By Arun Kumar Shrivastav
This week, the Bill Clinton-Monica Lewinsky scandal turns 25. The 24-year-old White House intern who came from an affluent family in California found out President Bill Clinton claiming he did not have sexual relations with “this lady, Monica Lewinsky” in a televised White House press conference.
Later, he said the same thing under oath and was impeached for perjury, and escaped narrowly from losing his job as the US President. Lewinsky got into an immunity agreement with the prosecutors and revealed her side of the story. She stated that there were nine sexual encounters between her and President Clinton between November 1995 and March 1997. These encounters were fellatio and did not amount to sexual intercourse. President Clinton admitted these acts were performed “on him” and “not by him.” In later interviews, Lewinsky agreed that Clinton took advantage of her but the relationship was consensual.
Twenty-five years later, Monica Lewinsky recalled the incident in a January 19 tweet and shared 25 pieces of wisdom after surviving this scandal that changed her life forever though, in a piece in Vanity Fair.
First the tweet: “Celebrate. It’s the 25th anniversary of SURVIVOR’S DAY—the scariest + most traumatic day of my life – when I as stung by the fbi + learned of the starr investigation that would lead to bill Clinton’s impeachment. I was 24. THANK YOU to my family, friends, professionals, colleagues + people who supported me especially pre-2014.”
After the much-publicized impeachment proceedings in 1998 which made Monica Lewinsky a household name in a world dominated by a blame-the-woman mindset, she took up minor media assignments and chose never to talk about the scandal prominently. But, in 2014, she decided to take back the narrative through a Vanity Fair article titled “Shame and Survival.” It was to give a purpose to her past, she told as a 40-year-old woman. Later, Vanity Fair enlisted her as a contributor to its print and web publications. In her latest Vanity Fair list of 25 random wisdom pieces this month, she says, “If you can’t laugh at yourself, you are so fucked.”
Now, Lewinsky is 49 and her bio reveals that she is an activist and writer, with a Master’s degree in Psychology. She says, “Choose your friends carefully. Twenty-five years ago I had one of the world’s worst friends: Linda “Judas, hold my beer” Tripp. While I have since let go of the resentment and bitterness that surrounded her and her betrayal, it’s not lost on me how very fortunate I am to have been able to trust new people. My most emotionally intimate relationships are with my incredible friends. These are the investments most worth nurturing.”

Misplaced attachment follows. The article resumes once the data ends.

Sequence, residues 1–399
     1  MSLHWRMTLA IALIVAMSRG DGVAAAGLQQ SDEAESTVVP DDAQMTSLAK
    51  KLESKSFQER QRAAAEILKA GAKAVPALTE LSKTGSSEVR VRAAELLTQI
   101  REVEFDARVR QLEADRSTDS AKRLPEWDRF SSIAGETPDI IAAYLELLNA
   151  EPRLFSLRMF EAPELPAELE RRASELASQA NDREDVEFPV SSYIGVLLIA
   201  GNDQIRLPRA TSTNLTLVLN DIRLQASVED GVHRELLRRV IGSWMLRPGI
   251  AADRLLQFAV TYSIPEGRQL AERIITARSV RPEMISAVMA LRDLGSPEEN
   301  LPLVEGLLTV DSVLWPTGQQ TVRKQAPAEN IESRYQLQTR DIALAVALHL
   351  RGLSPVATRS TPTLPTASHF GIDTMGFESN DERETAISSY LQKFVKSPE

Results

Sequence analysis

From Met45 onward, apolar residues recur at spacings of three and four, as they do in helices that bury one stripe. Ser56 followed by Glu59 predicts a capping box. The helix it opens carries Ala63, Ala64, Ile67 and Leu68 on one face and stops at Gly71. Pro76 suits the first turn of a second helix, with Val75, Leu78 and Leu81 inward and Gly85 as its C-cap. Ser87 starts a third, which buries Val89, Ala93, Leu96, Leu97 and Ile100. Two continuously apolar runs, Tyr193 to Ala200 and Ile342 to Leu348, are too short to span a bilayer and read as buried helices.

Linda Tripp who died in April 2020 at the age of 70 from pancreatic cancer was a civil servant that Lewinsky met at the Pentagon where she was transferred after her seniors found that she was spending a lot of time with President Clinton during her White House internship. Lewinsky would tell Linda about her relationship with Clinton, who later began secretly and illegally recording the conversations. These recordings further strengthened the prosecutors’ arguments in the Clinton Vs Jones case.
It was during the hearing of this case in which a state employee Paula Jones had charged Clinton with sexual harassment when he was the Governor of Arkansas state that the name of Monica Lewinsky exploded on the scene. Tripp handed over the recordings of Lewinsky’s conversations with her to the prosecutors who were pursuing a civil lawsuit against Clinton which said he had a pattern of sexual harassment of government employees.
“Grief reigns in the kingdom of loss. I refer to not only the loss of a loved one but also the loss of hope, a dream, or love itself. It seems we don’t finish grieving, but merely finish for now; we process it in layers. One day (not today) I’m going to write a short story about a vending machine that serves up Just the Right Amount of Grief. You know, the perfect amount that you can handle in a moment to move along, but not so much that you’ll be caught in an undertow,” is another piece of wisdom from Lewinsky.
You can make the right decision and still have regret. Also, don’t judge your insides by other people’s outsides, she begins her random pieces of wisdom with. But what wins a place in the hearts of those who have followed her over the past 25 years is this: “One thing everyone has in common is that we have all made mistakes. It’s inevitable. Get comfortable with the Art of the Mistake.” (IPA Service)